Play the game

STOP PRESS! don’t miss the chance to attend An Evening with Lord Neuberger, President of the UK Supreme Court, 5 pm on Monday 12 June. A special event for Writers to the Signet. Early booking recommended – no charge for the event.

A HAPPY START to the week in the Signet Library with the Colonnades team celebrating not one, but two awards from The Scottish Food Awards 2017. Fresh from the ceremony the previous evening maître d Glenn D’Costa arrived Monday morning bearing two certificates for Afternoon Tea Destination of the Year and Highly Recommended Afternoon Tea of the Year, and also a winner’s medal. It is evident from social media that Colonnades is growing a large and loyal following (as well as providing some truly stunning Instagram shots). At the regular weekly meeting everyone at the WS Society joined in congratulating the Colonnades team on this well-deserved accolade.

THE SECOND BLIZZARD EVENT will be kicking off on Thursday 25 May at the Signet Library and tickets are going even faster than last year’s fixture. On the same day the WS Football Law Conference features high level speakers – Omar Ongaro, FIFA’s regulatory director, Stewart Regan and Andrew McKinlay of the SFA and Tony Higgins of the PFA Scotland and, of course, Associate Writer to the Signet Paolo Lombardi – and is attracting lots of fans. 

THE BEAUTIFUL GAME never fails to provide talking points both on and off the pitch as the sorry trail of evidence at the Craig Whyte trial in Glasgow continues to demonstrate. On Tuesday the court heard that former Rangers Chief Executive Martin Bain was paid £360,000 as a bonus for his role in the sale of the club. Defence QC Donald Findlay asked chartered accountant and former Rangers director Michael McGill what this money was for. Mr McGill replied, “He had a long standing arrangement with the Murray Group”. It was also heard during the case that Mr Bain had been given a new contract with a 39-month notice period. Perhaps some talking points here for the Football Law Conference?

SOMEWHAT LOST DURING coverage of the French and UK elections is the ongoing and long-running saga of Rupert Murdoch’s attempt to take over Sky through an £11.7 billion bid by Fox. On Tuesday American lawyer Lisa Bloom and her client Wendy Wlash met with Ofcom in the UK to call on the telecoms regulator to block the sale. Walsh is one of a number of women Bloom is representing in an ongoing sexual harassment suit in the US against former Fox News anchor Bill O’Reilly who finally left the network after years of claims of large pay-outs to former employees over claims of sexual harassment. Bloom told the assembled media “the Murdoch media hacks, harasses and hides it with hush money”. There are also questions regarding how the “hush money” payments were presented in the Fox News accounts. Elsewhere another Murdoch favourite bit the dust, with long-standing controversy generator Kelvin Mackenzie finally being forced to leave The Sun following a column in which he described footballer Ross Barkley, who is mixed-race, as having eyes that reminded him of “a gorilla at the zoo”. Mackenzie was suspended following the article, with some questioning why lawyers for the newspaper had allowed the piece to be printed.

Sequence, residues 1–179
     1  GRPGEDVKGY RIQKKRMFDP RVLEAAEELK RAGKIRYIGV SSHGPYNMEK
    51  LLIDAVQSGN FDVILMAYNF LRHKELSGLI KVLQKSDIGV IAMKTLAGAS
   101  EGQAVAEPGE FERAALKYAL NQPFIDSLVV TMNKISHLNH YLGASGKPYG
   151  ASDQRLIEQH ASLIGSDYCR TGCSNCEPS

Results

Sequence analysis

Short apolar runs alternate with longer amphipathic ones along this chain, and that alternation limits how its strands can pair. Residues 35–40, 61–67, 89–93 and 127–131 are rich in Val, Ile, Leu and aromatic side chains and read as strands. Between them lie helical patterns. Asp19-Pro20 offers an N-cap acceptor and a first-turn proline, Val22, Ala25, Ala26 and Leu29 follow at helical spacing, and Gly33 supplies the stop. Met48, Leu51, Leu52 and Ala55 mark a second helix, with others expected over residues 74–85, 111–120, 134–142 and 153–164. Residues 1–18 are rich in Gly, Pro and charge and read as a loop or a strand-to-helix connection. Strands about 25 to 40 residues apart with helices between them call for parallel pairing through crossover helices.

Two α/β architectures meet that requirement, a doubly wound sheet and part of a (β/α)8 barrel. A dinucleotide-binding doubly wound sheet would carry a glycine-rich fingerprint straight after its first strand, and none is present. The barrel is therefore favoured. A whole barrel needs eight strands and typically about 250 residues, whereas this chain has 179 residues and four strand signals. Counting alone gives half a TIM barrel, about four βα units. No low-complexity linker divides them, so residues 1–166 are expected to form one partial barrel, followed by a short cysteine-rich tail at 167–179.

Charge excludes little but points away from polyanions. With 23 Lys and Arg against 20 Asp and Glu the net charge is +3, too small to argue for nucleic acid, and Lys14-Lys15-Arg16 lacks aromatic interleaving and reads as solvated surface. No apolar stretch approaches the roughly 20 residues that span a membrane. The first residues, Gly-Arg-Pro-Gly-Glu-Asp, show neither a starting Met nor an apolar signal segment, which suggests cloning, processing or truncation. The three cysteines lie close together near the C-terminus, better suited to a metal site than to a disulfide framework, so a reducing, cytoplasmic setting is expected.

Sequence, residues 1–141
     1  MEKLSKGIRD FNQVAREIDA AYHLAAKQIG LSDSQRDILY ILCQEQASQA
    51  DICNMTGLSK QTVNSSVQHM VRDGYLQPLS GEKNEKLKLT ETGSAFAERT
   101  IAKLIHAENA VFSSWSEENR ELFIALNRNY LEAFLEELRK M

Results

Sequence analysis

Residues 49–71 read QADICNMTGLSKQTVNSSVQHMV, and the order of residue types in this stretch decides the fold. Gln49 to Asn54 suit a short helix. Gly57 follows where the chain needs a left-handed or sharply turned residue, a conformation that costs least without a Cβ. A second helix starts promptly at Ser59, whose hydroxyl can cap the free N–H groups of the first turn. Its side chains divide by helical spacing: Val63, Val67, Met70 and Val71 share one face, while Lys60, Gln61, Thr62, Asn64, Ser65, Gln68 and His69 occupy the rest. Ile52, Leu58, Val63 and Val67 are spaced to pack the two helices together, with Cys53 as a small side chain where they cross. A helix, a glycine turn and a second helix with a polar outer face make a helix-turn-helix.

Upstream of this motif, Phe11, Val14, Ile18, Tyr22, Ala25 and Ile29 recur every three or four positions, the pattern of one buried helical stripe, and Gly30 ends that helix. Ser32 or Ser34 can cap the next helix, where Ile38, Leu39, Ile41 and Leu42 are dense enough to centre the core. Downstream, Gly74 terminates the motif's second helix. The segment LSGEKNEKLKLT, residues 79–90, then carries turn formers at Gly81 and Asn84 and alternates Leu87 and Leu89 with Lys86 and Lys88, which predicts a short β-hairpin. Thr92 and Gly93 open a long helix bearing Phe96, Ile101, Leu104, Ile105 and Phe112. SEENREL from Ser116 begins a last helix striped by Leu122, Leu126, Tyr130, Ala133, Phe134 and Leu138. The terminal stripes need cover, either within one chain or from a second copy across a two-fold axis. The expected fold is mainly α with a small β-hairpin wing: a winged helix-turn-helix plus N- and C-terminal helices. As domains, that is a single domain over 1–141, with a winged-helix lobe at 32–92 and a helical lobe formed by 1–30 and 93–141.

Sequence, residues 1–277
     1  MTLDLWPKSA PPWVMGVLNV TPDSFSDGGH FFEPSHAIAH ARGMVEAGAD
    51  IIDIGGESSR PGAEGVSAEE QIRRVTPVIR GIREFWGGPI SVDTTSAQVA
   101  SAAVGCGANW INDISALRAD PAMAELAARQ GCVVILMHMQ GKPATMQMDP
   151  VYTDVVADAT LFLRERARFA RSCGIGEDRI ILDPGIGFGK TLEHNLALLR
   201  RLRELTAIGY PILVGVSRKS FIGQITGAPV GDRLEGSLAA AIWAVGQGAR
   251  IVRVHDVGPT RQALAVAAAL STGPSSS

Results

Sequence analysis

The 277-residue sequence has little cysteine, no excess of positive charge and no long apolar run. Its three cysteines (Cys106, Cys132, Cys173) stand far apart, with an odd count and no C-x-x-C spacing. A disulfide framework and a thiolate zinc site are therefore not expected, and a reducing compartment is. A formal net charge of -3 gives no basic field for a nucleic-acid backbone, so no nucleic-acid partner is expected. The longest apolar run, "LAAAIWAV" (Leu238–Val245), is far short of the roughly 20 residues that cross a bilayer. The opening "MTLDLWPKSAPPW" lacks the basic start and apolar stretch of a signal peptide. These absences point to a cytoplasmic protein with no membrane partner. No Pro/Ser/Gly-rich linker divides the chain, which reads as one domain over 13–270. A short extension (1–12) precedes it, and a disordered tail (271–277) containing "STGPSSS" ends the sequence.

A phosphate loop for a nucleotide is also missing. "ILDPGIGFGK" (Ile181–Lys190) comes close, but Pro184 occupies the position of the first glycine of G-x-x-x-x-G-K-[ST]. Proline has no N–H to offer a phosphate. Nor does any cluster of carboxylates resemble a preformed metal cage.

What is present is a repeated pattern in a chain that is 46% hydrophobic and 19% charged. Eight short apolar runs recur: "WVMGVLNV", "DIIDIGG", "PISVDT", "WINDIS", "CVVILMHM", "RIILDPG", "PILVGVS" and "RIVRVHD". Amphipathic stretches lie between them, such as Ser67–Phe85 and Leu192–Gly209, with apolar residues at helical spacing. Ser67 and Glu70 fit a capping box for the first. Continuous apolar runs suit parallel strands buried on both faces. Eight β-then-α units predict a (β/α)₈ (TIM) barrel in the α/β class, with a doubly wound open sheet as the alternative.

MEANWHILE IN THE US, the continuing tension between politicians and lawyers is back on the front pages, and that most public of stages, a Senate hearing in Washington. Former Acting Attorney General Sally Yates – fired by President Trump in the early days of his administration – had the daunting task of handling three hours of questioning in the uniquely intimidating set-up of such an iconic occasion, so familiar from the grainy newsreels of mid-twentieth century history. Her appearance proved to be an exemplary performance by a highly qualified lawyer totally on top of her brief, despite frequently hostile questioning by some Republican members of the Senate Judiciary subcommittee. “Ted Cruz tried to corner Sally Yates on the Law. He failed.” The Huffington Post’s widely shared article was representative of the assessments afterwards. Yates however was overshadowed Wednesday with the stunning “termination” of FBI director James Comey, who found out he was fired by seeing it on TV. Cue a series on tweets from the President whilst everyone else in Washington apparently reeled in shock. It would be a brave analyst who would try to predict the repercussions of all this, but it is safe to say House of Cards has some serious competition for must-watch political drama right now.

— “Writer”

Writer's Week is not intended to represent the views of the WS Society or its members.